9. When visiting Italy, Bethia writes of feeling overwhelmed by how different it was from her own home. Have you ever had a similar experience when traveling somewhere new? Did your travels make you see your own home in a new light? Does Bethia's visit to Italy change her beliefs or behavior?
10. Unlike Bethia, her son has no interest in traveling to older countries like Italy, saying that "everything there is done and built and finished. I like it here, where we can make and do for ourselves" (p. 274). Is this sense of independence and potential still true of the United States today?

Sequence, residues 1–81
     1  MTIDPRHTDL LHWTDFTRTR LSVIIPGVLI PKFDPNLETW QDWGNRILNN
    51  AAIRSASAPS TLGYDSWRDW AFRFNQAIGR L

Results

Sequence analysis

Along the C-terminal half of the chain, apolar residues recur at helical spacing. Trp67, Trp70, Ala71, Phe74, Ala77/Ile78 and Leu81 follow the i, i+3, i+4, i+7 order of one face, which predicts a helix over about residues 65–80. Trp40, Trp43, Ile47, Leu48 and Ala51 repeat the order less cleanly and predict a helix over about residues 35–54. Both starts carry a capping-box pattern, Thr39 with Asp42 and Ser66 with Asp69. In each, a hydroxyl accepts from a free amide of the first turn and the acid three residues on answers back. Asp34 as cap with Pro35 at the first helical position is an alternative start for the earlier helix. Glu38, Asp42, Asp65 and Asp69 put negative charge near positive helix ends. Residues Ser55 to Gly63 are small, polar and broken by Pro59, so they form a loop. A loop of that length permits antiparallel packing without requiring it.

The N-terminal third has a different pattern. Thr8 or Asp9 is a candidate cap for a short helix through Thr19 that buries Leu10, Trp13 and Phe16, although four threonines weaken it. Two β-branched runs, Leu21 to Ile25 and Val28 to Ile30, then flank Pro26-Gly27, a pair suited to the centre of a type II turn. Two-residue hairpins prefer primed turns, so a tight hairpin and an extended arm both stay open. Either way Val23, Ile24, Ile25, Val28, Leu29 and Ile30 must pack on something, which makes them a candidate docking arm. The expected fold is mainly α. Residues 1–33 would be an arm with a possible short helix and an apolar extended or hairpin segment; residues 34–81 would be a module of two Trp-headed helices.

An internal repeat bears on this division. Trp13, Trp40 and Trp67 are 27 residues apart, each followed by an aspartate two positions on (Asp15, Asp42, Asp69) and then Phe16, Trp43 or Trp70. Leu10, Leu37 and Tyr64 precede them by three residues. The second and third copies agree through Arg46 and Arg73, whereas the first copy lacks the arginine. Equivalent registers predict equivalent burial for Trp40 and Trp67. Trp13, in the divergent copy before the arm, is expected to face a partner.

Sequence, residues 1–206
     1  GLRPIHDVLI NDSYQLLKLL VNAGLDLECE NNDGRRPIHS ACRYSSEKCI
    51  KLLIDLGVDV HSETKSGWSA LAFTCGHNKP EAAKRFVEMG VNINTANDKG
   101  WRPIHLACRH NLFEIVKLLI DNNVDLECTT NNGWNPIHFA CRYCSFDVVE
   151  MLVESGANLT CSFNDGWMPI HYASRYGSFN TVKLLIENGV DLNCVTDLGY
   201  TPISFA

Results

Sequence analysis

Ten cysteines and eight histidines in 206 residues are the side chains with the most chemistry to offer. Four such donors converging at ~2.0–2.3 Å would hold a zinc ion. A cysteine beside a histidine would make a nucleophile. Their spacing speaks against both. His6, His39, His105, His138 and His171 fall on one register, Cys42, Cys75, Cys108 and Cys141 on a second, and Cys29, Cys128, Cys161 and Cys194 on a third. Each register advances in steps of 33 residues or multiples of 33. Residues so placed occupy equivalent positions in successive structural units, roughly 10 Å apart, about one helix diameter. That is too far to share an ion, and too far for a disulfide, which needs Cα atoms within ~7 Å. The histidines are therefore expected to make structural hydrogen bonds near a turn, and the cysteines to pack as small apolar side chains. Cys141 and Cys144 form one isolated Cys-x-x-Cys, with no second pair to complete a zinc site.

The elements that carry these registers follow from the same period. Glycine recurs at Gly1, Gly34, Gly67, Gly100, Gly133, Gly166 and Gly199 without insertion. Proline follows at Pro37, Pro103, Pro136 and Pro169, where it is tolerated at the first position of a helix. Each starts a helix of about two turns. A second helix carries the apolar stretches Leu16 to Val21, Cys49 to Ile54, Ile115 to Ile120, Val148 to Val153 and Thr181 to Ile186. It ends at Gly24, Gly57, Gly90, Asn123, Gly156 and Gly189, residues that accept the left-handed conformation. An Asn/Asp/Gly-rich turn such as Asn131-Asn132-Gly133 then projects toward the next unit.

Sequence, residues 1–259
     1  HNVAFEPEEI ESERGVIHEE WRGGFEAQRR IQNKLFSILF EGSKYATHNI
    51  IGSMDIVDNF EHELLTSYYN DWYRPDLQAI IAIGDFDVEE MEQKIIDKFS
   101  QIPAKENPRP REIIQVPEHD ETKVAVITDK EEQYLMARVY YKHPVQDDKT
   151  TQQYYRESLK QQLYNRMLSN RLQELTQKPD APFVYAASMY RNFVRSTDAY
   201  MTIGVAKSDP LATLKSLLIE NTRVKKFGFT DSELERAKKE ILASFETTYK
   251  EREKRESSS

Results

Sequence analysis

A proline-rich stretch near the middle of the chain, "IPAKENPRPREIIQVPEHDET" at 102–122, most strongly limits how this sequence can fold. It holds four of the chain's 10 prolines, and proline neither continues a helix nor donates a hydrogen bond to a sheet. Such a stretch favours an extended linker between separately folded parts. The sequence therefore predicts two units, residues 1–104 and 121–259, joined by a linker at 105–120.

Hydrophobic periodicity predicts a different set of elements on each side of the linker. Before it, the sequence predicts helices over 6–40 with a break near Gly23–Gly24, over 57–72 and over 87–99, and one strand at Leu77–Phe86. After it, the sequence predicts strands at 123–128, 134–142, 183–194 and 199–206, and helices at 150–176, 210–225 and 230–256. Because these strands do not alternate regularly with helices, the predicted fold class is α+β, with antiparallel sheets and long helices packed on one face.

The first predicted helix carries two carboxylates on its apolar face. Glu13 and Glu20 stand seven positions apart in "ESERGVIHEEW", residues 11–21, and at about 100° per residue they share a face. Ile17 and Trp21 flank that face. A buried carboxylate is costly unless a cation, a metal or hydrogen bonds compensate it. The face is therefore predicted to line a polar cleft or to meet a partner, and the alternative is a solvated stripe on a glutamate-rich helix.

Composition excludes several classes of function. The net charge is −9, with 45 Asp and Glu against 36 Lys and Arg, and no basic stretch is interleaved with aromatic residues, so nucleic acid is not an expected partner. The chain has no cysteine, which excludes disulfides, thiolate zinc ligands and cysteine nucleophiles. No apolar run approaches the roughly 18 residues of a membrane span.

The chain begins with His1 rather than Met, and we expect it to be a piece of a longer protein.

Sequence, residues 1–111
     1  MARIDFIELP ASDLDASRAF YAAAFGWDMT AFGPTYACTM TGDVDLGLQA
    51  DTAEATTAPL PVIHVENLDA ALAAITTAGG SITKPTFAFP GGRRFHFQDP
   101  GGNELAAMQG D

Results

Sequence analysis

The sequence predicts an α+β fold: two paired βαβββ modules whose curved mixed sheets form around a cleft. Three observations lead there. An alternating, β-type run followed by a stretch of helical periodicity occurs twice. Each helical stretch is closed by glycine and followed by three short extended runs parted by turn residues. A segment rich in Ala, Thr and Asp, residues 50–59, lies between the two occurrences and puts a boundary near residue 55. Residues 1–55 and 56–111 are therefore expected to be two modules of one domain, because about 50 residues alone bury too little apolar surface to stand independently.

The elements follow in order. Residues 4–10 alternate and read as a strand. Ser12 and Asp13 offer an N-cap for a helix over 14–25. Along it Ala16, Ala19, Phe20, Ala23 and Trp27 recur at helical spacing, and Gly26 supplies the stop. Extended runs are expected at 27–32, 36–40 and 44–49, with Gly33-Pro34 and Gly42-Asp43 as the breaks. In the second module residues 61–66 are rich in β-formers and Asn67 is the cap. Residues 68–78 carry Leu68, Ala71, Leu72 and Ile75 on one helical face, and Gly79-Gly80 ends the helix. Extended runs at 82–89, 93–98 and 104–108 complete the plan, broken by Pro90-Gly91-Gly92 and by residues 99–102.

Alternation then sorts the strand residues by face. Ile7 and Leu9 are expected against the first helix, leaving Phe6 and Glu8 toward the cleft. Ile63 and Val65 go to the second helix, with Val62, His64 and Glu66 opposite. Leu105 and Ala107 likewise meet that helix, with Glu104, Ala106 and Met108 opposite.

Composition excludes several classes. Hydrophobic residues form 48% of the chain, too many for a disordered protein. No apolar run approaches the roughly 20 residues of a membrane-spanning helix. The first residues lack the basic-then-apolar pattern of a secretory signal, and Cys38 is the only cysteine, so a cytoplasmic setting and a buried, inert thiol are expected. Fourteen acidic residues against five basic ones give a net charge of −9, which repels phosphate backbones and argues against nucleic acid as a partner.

11. Both Bethia and Caleb struggle against the limits and expectations placed on them by society. How are their experiences similar? How are they different? Who faces the greater challenge?
(Questions issued by publisher.)